Effectively Practicing with Two People – Spacing and Timing

Besides being able to play friendlies with them, human beings are also great tools for specific practice situations! You can give them instructions and they will also benefit from the practice.

Spacing is one of the most fundamental aspects of Super Smash Bros. Melee. It can be summed up in simple terms as ‘knowing where and when to place your moves.’ This knowledge comes with experience, knowing your character’s moves and how long their reach is. But you also practice this mindfully, specifically with two people.

One of my favourite training regimes with new players to illustrate spacing is by picking Marth vs. Fox. I will Nair in as Fox and their task is to dashdance>grab me. While it sounds simple, it’s not as easy because you can mix up how early or late you do it. What this does is teach someone the concept of effective range. At what spacing do you have to dashdance as Marth vs. Fox to be able to react to a Nair and still be in time to punish it.

Practicing things like this is incredibly important, because these are situations you might encounter at your weekly tournament against that Fox that you hate. Besides being a simple practical exercise, it’s also practice in the whole concept of spacing. This can be extrapolated to every character. How far away can I be to safely do my moves?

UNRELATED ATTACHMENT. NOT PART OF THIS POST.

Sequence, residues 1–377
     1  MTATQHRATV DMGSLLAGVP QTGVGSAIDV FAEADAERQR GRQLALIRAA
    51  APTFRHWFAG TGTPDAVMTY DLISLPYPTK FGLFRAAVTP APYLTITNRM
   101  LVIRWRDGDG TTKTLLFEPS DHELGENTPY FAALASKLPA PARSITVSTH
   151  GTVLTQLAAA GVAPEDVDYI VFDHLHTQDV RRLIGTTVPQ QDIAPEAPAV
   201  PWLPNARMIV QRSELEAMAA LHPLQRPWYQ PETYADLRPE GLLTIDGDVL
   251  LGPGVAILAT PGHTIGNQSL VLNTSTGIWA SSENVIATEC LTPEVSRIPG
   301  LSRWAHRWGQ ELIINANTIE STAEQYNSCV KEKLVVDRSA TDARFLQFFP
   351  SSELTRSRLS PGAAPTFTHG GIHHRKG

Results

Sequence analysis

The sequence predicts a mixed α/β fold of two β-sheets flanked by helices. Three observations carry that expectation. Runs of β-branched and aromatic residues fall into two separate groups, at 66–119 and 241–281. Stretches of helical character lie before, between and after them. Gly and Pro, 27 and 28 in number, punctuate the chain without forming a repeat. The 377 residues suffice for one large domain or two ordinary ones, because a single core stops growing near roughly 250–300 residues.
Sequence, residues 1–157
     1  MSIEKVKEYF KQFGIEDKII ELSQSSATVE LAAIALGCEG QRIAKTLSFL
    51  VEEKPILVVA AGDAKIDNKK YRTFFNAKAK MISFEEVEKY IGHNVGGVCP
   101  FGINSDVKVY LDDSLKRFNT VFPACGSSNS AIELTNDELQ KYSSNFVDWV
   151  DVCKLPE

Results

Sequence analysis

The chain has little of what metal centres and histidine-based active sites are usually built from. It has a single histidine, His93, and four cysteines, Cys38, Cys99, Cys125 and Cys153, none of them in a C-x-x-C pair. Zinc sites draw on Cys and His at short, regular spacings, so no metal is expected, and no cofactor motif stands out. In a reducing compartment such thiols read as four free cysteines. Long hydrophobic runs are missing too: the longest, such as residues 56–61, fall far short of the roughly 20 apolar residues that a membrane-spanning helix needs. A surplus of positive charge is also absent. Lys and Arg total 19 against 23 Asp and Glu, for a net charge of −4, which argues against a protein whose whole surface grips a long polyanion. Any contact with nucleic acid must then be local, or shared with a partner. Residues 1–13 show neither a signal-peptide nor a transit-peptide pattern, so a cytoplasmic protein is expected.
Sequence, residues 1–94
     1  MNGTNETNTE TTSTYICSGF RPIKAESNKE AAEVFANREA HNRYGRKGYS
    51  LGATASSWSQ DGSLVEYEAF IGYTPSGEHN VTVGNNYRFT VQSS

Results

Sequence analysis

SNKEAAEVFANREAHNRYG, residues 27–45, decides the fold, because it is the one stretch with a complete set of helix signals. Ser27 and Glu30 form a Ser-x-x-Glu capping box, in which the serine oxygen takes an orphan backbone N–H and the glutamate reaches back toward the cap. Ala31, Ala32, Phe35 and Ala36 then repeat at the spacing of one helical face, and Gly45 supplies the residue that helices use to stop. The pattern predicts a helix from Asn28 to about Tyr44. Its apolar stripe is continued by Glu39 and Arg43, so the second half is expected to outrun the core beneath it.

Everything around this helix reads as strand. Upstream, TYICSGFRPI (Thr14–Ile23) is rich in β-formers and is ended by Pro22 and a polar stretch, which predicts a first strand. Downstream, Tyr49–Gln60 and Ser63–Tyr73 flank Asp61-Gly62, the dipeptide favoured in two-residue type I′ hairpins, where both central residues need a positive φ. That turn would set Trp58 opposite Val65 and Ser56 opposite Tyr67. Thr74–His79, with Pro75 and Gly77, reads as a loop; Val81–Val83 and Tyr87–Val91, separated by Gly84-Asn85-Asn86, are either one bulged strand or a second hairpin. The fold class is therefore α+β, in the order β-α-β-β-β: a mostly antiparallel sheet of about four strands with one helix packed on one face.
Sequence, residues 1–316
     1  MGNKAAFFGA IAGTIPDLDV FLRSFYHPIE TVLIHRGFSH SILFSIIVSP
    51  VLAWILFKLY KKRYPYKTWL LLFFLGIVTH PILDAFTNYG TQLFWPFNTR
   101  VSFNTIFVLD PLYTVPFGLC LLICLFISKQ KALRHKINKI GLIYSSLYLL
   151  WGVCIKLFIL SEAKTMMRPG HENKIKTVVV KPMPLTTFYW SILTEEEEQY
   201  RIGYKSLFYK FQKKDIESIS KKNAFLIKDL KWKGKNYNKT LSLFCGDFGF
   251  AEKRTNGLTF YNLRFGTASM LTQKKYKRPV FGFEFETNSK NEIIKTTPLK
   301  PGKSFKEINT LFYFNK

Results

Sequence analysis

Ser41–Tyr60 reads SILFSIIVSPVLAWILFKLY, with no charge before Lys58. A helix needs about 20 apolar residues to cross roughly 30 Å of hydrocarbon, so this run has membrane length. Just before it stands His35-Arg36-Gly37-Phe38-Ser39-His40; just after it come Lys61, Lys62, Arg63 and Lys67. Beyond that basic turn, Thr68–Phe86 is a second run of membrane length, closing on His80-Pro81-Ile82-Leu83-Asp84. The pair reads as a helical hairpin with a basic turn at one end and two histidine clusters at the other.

Another exercise I’ve always enjoyed (and still do myself) is Falco’s Up-tilt wall. This is one of the most frustrating moves in the game and a Falco spamming this move feels untouchable until you take a moment to just actually look at the move. Just trying to get inbetween Up-tilts is a good exercise for newer players to practice their timing. If it proves very easy to do, you can mix it up with auto-canceled Bairs and Shines in between Up-tilts.

My final example is trying to Up-air or Up-tilt someone coming down from above as Fox. If they just drift down regularly, this shouldn’t be very hard, but if they mix up with fast-falls and aerial drift, it becomes much harder and requires fairly good timing.

All these exercises share one common, crucial aspect. Every single practice routine revolves around actively looking at your opponent. After you get tech skill down and can control your character, this is absolutely the most important thing to work on. Many new players have a problem with looking at their opponent and actively distinguishing what moves they are throwing out and what their ranges are. These exercises can hopefully help with that. Next time you sit down with a friend, maybe take five minutes out of your friendlies session and try to grab Fox’s Nair a few times, taking turns. Or even better, make your own exercise!


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